iBuyers Less Competitive – Their Biz Model Holds Them Back
Successful iBuyers need a stable market, reliable automated appraisals and sellers afraid their home won’t sell quickly – and the current market doesn’t offer those.
NEW YORK – While the housing market came roaring back during the pandemic, iBuying activity didn’t.
iBuyers’ volumes and market share will likely finish 2020 at 50% less than 2019, according to real estate tech strategist Mike DelPrete, who studies iBuying activity in real estate. Meanwhile, traditional home sales for existing homes and new homes has been running above last year’s levels.
iBuyers make instant cash offers to sellers who wish to bypass the traditional MLS marketing route, often for assurance of a quicker sale. However, homeowners tend to pay higher fees for the convenience.
DelPrete’s report notes that all the major iBuyers – Opendoor, Zillow, Offerpad and Redfin – have seen a significant drop in 2020’s overall transactions compared with 2019. Opendoor, the nation’s largest iBuyer, has seen the largest drop since the pandemic, with total transactions for the year down 59% compared to 2019.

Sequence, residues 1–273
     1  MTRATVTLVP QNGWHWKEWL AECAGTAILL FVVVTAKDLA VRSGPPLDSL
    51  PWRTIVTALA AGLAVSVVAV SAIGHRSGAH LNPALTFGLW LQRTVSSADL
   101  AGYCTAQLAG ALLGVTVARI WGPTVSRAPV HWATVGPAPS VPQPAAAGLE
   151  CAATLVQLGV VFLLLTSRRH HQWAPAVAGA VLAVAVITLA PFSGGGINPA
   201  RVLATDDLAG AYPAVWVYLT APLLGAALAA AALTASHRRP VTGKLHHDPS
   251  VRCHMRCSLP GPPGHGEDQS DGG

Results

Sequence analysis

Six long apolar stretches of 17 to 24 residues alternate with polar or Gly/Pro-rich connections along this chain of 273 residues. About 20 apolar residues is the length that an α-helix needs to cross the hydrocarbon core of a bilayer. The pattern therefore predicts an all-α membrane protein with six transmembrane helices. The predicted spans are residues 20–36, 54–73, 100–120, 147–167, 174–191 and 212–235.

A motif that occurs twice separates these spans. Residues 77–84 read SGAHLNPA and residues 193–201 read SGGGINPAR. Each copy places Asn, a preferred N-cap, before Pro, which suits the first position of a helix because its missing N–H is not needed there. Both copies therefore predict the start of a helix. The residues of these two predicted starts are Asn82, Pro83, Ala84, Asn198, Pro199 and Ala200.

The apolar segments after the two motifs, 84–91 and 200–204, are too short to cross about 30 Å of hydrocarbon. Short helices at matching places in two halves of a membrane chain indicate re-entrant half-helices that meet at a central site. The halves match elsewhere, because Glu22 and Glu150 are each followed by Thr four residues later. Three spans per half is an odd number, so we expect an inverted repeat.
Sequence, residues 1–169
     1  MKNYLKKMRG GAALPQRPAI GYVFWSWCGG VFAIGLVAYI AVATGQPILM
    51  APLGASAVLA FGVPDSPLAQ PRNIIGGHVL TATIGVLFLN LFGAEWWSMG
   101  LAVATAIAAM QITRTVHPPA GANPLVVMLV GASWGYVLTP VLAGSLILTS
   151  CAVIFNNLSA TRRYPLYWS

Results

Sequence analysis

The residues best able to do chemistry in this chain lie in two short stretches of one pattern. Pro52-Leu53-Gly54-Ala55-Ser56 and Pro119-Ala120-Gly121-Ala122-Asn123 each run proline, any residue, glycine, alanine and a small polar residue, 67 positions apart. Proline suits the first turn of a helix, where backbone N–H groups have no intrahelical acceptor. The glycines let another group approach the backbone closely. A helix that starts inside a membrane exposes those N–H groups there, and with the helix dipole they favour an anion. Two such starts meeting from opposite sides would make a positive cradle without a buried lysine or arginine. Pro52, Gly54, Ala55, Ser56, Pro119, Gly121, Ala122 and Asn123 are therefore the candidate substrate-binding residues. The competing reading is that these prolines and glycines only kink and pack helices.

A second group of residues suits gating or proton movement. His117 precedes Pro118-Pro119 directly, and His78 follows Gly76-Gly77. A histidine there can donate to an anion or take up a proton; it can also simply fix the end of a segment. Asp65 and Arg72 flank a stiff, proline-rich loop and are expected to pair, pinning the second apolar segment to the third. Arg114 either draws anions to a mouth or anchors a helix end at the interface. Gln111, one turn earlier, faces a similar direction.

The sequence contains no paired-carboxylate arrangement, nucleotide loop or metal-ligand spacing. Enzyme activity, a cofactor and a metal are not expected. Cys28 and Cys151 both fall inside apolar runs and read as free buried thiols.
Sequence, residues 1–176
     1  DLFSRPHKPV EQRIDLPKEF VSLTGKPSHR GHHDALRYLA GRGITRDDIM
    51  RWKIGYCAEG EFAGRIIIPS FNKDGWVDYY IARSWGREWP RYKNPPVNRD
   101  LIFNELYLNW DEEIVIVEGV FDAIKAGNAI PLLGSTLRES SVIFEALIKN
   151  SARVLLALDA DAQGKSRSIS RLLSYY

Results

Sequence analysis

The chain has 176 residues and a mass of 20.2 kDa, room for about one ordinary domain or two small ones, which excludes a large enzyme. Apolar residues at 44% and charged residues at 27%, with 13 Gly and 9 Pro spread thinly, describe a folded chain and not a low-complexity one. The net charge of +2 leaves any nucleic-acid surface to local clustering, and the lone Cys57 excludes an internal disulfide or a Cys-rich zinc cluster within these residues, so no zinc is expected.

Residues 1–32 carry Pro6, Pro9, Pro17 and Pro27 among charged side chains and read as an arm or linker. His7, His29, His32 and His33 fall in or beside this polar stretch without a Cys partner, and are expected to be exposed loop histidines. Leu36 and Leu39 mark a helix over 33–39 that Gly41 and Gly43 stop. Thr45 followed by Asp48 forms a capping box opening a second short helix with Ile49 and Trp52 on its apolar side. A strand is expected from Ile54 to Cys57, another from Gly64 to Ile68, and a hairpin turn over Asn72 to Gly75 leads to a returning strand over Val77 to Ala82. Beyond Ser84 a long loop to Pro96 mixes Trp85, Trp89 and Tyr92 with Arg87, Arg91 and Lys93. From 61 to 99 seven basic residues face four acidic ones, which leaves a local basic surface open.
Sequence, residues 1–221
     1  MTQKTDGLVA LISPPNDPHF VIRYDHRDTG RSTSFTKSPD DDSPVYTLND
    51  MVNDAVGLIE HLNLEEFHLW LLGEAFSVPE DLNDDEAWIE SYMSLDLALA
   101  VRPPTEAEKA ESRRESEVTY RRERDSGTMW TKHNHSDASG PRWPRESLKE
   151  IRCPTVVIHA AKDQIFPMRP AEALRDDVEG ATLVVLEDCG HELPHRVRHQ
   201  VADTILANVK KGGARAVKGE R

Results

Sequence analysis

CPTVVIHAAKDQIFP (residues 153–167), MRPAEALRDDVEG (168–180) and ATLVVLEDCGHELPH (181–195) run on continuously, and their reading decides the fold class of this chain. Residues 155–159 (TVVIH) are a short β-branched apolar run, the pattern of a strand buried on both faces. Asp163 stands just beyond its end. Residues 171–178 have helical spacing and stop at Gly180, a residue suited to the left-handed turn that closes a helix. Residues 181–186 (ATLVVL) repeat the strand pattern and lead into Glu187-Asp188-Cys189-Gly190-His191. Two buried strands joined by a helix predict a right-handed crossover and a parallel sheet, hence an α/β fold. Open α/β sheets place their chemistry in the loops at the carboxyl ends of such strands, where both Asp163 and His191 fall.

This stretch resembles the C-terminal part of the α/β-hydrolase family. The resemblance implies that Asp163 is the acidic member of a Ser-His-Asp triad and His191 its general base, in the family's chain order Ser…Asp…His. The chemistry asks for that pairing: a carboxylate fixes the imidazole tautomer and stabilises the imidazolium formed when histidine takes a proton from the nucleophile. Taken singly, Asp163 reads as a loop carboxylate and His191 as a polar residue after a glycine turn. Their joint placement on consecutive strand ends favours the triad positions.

Activity dropped because many iBuyers paused operations when pandemic first struck the U.S. this spring. Still, Opendoor’s October home purchases were down more than 70% compared to a year ago, DelPrete’s report notes.
Even down, though, Opendoor continues to hold the largest market share in the iBuying business. DelPrete reports that in 2020 so far, Opendoor had a 50% market share, followed by Zillow’s 26%llow, Offerpad’s 23% and Redfin’s 1%.
“The drop in iBuyer market share and transaction volumes isn’t a failure of the model, but it is a result of the model,” DelPrete notes in the report. “The iBuyers face a slow climb back to the levels of 2019, as they conservatively ramp up operations in a new, uncertain housing market.”
Source: “iBuyer Market Share Set to Drop By Half in 2020,” Mikedp.com (Nov. 21, 2020)
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